Ford, Rivian urge faster permitting process for critical EV minerals

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WASHINGTON — Ford Motor Co. and Rivian are urging the federal government to expedite the permitting process for U.S. critical mineral mining projects that support domestic battery production for electric vehicles.

In comments submitted Tuesday to the U.S. Department of the Interior, Ford said the permitting process for mining projects that support high-capacity battery manufacturing “should be no longer than three years.”

“Today’s lengthy, costly and inefficient permitting process makes it difficult for American businesses to invest in the extraction and processing of critical minerals in the United States,” Chris Smith, Ford’s chief government affairs officer, said in a letter to the department.

Current U.S. permitting requirements for critical mineral production can take up to 10 years, he said. “In contrast, Canada and Australia have adopted mineral permitting policies that enable producers to complete the process in two to three years, while maintaining stringent environmental standards.”

Ford is calling for expanding the use of the Defense Production Act to authorize expedited proposals that support battery projects on federal lands as well as improving transparency in the permitting process.

The automaker also is urging the government to fund research and geomapping of critical mineral deposits throughout the U.S., including directing DPA funds for Energy Department research into how the domestic resource base could meet the needs of the auto industry as it seeks to produce more EVs and batteries here.

Ford also wants the government to make sure U.S.-based mining companies and downstream users are committed to social and environmental principles.

“If we enable American critical mineral production to perform at full potential, our nation can enjoy enormous economic growth, new job opportunities and solidified supply chain security while simultaneously fueling ambitious emission reduction goals and providing customers with innovative, high-performing vehicles,” Smith said.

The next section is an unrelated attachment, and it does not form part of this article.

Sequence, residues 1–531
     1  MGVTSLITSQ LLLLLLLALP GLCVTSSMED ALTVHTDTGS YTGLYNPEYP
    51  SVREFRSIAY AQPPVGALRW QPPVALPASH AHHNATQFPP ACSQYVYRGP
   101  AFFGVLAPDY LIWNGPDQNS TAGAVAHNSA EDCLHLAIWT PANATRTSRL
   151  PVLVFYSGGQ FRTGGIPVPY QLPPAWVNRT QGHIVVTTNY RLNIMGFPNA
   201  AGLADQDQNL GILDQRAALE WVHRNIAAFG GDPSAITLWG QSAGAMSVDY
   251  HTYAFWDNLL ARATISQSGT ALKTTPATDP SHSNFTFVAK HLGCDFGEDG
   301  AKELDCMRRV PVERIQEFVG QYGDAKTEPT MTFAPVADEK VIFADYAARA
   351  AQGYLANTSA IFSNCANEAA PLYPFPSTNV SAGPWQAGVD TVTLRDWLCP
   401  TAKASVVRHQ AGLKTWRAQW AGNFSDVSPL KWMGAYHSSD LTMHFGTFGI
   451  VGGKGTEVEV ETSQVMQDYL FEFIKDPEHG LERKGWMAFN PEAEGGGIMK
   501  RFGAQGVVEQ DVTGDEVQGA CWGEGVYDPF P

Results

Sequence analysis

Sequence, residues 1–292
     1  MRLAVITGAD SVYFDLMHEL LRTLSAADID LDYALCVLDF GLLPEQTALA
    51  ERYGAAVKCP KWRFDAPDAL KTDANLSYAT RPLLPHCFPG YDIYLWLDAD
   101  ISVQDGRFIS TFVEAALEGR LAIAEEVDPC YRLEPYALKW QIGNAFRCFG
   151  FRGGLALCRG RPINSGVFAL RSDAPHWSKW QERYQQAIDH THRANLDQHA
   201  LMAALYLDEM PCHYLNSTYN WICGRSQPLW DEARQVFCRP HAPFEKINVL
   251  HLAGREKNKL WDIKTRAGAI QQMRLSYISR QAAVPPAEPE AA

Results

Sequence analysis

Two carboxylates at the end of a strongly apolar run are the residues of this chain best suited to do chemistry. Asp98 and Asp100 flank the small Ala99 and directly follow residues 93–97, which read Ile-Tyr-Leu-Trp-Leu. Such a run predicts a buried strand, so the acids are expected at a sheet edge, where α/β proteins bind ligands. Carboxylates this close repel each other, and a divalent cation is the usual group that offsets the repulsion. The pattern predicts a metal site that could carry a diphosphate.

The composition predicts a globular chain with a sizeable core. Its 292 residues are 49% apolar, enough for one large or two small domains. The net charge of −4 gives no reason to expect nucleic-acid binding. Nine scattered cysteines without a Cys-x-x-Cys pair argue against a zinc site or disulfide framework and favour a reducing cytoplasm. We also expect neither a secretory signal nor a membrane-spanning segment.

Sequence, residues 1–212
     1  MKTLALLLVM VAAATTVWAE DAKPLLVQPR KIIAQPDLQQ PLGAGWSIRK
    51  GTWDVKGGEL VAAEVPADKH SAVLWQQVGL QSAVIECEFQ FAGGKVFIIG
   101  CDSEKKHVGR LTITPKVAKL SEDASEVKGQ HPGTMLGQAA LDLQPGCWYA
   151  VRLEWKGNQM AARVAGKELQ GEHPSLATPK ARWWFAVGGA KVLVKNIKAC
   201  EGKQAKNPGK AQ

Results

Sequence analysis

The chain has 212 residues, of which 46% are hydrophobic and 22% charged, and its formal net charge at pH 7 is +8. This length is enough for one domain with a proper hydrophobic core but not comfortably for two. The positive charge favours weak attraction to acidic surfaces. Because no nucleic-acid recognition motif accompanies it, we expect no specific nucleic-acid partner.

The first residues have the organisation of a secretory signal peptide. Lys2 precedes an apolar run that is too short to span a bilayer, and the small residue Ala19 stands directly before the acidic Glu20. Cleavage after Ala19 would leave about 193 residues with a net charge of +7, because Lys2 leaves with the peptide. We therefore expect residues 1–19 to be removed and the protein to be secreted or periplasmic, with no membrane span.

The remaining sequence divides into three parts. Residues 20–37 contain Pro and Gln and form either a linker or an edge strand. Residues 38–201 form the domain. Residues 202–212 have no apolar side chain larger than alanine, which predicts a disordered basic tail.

EV newcomer Rivian Automotive Inc., in its comments to the department, also called for modernizing mining laws and expediting the permitting timeline as it focuses on ramping up production at its plant in Normal, Ill., and starting construction on a second plant in Georgia.

“We are encouraged by the discussion to help expand and accelerate domestic mineral development while also protecting our bedrock environmental laws and special places like National Parks and Wilderness,” Rivian said.

“Much of the nickel, lithium, copper and cobalt reserves in the U.S. are located on or near tribal land,” the EV startup continued, “so tribal consultation in the form of free, prior and informed consent must also be central to any update to our domestic mining laws.”

The Interior Department requested information from the public in March to potentially improve federal hardrock mining regulations, laws and permitting processes.

The Inflation Reduction Act signed into law this month includes $500 million in Defense Production Act funding for additional incentives to spur onshoring for critical minerals as well as tax credits for entities that produce materials used for clean energy production such as battery cells and modules and applicable critical minerals.

The law also includes a revamped tax credit for consumers buying certain EVs. As of Aug. 16, eligible EVs must be assembled in North America. New restrictions on the sticker price, buyer income and battery component and critical mineral sourcing take effect Jan. 1.

The Biden administration said about 20 models meet the North American final assembly requirement and therefore still qualify for EV tax credits of up to $7,500 until the end of the year. However, none will be eligible for the full credit when additional sourcing rules take effect next year, according to the Alliance for Automotive Innovation, an industry trade group that represents Ford and other major automakers in the U.S.

The alliance, which does not represent Rivian, also submitted comments to the Interior Department.

“Currently, the U.S. does not have significant processing capacity for EV battery materials and is reliant on other nations for refined raw materials, leaving the U.S. market exposed to the risk of being impacted by supply chains outside of U.S. control,” Dan Bowerson, senior director of energy & the environment at the alliance, said in comments dated July 31.

Those materials are nickel, cobalt, manganese and lithium — all of which are key to EV batteries, Bowerson noted.

The alliance also recommended reducing the time it takes to permit a new mine while preserving safety and environmental standards.

“Delays in our current critical mineral production permitting process could delay America’s emergence as a leader in clean transportation and battery material production,” Bowerson said.

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